Protection of Conscience Project
Protection of Conscience Project
www.consciencelaws.org
Service, not Servitude

Service, not Servitude

Canada

College of Physicians and Surgeons of Manitoba

Freedom of conscience and religion

Annotated Extracts and Links

Standards of Practice of Medicine
Conscience Based Objection
Updated to 2019 Dec 31
[Full Text]

12(1) A conscience-based objection is an objection to participate in a legally available medical treatment or procedure based on a member's personal values or beliefs.

12(2) A member must not promote his or her own values or beliefs when interacting with a patient.

12(3) On the grounds of a conscience-based objection, a member who receives a request about a medical treatment or procedure that a patient needs or wants may refuse to:

(a) Provide it;

(b) personally offer specific information about it; or

(c) refer the patient to another member who will provide it.

12(4) A member who refuses to refer a patient to another member or to personally offer specific information about a medical treatment or procedure on the grounds of a conscience-based objection must:

(a) clearly and promptly inform the patient that the member chooses not to provide a medical treatment or procedure on the grounds of a conscience-based objection;

(b) provide the patient with timely access to a resource1 that will provide accurate information about a medical treatment or procedure;

(c) continue to provide care unrelated to a medical treatment or procedure to the patient until that physician's services are no longer required or wanted by the patient or until another suitable member has assumed responsibility for the patient;

(d) make available the patient's chart and relevant information (i.e., diagnosis, pathology, treatment and consults) to the member(s) providing a medical treatment or procedure to the patient when authorized by the patient to do so; and

(e) document the interactions and steps taken by the member in the patient's medical record, including details of any refusal and any resource(s) to which the patient was provided access.

1.  Acceptable resources may include but are not limited to other physicians, health care providers, counsellors and publicly available resources which can be accessed without a referral and which provide reliable information about the available medical treatments or procedures.

Project Annotations

The policy is simple, clearly written and encompasses direct and indirect participation, while ensuring that patients have access to information needed for medical decision-making.  It can be applied consistently to all morally contested procedures, including euthanasia and assisted suicide. The expectation of co-operation in a patient-initiated transfer of care is the norm in jurisdictions outside Canada where euthanasia and assisted suicide have been legalized.

Standards of Practice of Medicine
Schedule M
Medical Assistance in Dying
Upated to 2019 Dec 31[Full Text]

I.    Minimum Requirements of All Physicians

A.   A physician must not promote his or her own values or beliefs about physician assisted death when interacting with a patient.

B.  On the grounds of a conscience-based objection3, a physician who receives a request about physician assisted death may refuse to:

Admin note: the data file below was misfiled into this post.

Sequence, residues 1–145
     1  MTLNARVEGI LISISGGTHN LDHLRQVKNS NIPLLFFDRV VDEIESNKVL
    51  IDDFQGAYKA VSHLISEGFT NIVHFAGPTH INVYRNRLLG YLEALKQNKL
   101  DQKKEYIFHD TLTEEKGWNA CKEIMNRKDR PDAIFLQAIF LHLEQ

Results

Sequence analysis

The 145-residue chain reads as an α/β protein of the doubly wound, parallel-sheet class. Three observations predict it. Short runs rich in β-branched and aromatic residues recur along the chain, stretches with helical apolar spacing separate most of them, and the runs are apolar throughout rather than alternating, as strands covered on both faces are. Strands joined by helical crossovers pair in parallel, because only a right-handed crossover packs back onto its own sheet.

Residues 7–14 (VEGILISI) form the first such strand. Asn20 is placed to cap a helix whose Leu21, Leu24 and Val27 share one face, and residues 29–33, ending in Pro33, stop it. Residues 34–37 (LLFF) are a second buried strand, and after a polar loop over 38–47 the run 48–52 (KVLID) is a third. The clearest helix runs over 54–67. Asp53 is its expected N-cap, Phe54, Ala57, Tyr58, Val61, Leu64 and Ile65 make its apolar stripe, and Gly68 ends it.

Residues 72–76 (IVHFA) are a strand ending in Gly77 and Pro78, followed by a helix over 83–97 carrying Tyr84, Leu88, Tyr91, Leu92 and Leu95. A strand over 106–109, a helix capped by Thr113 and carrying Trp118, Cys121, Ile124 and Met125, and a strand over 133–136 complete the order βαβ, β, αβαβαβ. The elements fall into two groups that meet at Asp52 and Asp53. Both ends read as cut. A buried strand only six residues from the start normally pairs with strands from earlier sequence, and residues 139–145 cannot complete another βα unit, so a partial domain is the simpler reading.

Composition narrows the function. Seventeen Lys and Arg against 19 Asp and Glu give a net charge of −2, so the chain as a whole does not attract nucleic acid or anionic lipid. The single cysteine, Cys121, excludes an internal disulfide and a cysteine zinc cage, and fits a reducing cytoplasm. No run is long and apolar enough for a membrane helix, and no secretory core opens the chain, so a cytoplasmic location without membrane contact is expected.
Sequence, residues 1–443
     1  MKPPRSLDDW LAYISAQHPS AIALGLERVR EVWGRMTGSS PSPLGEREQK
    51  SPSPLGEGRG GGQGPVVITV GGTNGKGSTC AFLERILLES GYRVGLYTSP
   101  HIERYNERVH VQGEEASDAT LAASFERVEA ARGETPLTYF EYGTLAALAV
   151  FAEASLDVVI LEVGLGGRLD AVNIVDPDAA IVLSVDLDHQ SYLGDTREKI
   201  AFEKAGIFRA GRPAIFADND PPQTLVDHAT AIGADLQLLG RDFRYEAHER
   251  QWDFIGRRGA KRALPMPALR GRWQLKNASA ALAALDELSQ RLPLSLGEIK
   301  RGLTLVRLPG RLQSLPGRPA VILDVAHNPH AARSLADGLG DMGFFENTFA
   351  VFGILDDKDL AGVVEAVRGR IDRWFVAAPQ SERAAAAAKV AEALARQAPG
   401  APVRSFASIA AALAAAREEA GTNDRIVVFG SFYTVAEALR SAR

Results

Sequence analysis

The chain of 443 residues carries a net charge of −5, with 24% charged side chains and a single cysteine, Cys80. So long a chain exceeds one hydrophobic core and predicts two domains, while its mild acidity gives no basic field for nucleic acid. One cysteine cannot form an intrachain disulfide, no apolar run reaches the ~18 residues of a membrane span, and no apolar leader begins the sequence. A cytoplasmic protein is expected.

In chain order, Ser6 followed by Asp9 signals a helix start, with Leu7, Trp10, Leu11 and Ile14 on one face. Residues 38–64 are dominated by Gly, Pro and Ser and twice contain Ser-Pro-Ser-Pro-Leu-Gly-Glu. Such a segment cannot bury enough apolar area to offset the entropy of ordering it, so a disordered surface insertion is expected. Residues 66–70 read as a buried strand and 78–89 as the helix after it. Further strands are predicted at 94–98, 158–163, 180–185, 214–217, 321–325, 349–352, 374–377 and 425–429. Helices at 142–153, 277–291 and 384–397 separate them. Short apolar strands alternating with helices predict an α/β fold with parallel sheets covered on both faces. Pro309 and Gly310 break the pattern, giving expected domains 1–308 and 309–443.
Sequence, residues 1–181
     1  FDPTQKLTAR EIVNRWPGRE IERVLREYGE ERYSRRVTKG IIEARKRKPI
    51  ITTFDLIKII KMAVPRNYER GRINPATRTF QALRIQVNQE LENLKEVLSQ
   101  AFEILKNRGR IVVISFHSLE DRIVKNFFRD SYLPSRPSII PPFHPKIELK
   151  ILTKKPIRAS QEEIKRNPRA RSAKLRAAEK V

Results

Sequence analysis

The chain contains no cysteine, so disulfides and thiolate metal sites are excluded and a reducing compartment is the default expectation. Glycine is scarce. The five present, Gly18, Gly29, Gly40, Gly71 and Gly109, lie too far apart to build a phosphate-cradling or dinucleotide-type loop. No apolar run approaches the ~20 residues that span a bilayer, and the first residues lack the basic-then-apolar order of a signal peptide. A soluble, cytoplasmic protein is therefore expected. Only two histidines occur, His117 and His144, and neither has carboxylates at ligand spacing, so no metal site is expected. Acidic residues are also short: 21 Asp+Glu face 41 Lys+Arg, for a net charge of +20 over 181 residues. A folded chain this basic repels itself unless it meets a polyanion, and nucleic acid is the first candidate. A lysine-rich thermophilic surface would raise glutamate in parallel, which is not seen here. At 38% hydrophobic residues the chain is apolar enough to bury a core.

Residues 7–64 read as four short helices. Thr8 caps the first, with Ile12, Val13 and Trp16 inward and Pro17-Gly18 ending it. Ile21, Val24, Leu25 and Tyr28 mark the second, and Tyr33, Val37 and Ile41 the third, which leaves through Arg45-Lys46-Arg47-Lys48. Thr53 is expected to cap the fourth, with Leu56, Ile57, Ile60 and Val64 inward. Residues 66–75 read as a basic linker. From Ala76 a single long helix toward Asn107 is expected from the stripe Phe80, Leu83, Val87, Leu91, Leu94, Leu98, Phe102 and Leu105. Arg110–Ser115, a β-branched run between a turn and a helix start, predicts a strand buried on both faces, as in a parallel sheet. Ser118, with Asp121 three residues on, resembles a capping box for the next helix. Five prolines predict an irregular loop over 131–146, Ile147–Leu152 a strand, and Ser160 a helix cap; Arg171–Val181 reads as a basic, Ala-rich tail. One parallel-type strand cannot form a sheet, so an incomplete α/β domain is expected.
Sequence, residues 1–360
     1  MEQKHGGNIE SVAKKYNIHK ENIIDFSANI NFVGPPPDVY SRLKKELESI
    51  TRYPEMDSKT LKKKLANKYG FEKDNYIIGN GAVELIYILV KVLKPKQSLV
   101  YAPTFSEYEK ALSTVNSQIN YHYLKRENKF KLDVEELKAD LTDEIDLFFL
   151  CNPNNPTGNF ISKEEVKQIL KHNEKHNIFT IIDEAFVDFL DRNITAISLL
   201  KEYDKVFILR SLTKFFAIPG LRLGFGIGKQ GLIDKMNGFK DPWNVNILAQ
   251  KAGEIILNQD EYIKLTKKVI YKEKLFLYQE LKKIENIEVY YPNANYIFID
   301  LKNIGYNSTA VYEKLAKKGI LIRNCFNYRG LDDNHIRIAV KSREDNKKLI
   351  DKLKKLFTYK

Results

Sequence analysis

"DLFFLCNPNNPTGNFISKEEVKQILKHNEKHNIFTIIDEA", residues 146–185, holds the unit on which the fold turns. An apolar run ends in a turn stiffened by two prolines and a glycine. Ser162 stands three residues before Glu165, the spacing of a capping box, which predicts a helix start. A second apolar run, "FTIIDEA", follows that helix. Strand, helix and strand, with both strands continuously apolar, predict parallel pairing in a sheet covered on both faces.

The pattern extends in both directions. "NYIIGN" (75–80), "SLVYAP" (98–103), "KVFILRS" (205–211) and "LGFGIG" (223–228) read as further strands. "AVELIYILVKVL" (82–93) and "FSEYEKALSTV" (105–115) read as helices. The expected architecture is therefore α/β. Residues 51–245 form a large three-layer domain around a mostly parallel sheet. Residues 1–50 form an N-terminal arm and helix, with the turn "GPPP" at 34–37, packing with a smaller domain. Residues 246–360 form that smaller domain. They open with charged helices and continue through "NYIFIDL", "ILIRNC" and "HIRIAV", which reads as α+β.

a.  provide it; or

b.  personally offer specific information about it; or

c.  refer the patient to another physician who will provide it.

C.  A physician who refuses to refer a patient to another physician or to personally offer specific information about physician assisted death on the grounds of a conscience-based objection must:

a.  clearly and promptly inform the patient that the physician chooses not to provide MAID on the grounds of a conscience-based objection; and

b.  provide the patient with timely access to a resource4 that will provide accurate information about MAID; and

c.  continue to provide care unrelated to MAID to the patient until that physician's services are no longer required or wanted by the patient or until another suitable physician has assumed responsibility for the patient; and

d.  make available the patient's chart and relevant information (i.e., diagnosis, pathology,treatment and consults) to the physician(s) providing MAID to thepatient when authorized by the patient to do so; and

e.  document the interactions and steps taken by the physician in the patient's medical record, including details of any refusal and any resource(s) to which the patient was provided access.

D.    A member  who is not a physician and has a conscientious-based objection to MAID who receives a request for MAID, information  about MAID or a referral to a physician who will  provide MAID must advise the patient making the request that the member has a conscientious-based objection and must communicate the request to the member’s supervising physician in a timely fashion.

3.  See Section 12 of these standards of practice of medicine, where conscience-based objection is defined as an objection to participate in a legally available medical treatment or procedure based on a member's personal values or beliefs.

4.  Acceptable resources may include but are not limited to other physicians, health care providers, counsellors and publicly available resources which can be accessed without a referral and which provide reliable information about MAID.

Project Annotations

The policy is simple, clearly written and encompasses direct and indirect participation, while ensuring that patients have access to information needed for medical decision-making.  It is a specific application of the College's policy on conscientious objection (see above).   The expectation of co-operation in a patient-initiated transfer of care is the norm in jurisdictions outside Canada where euthanasia and assisted suicide have been legalized.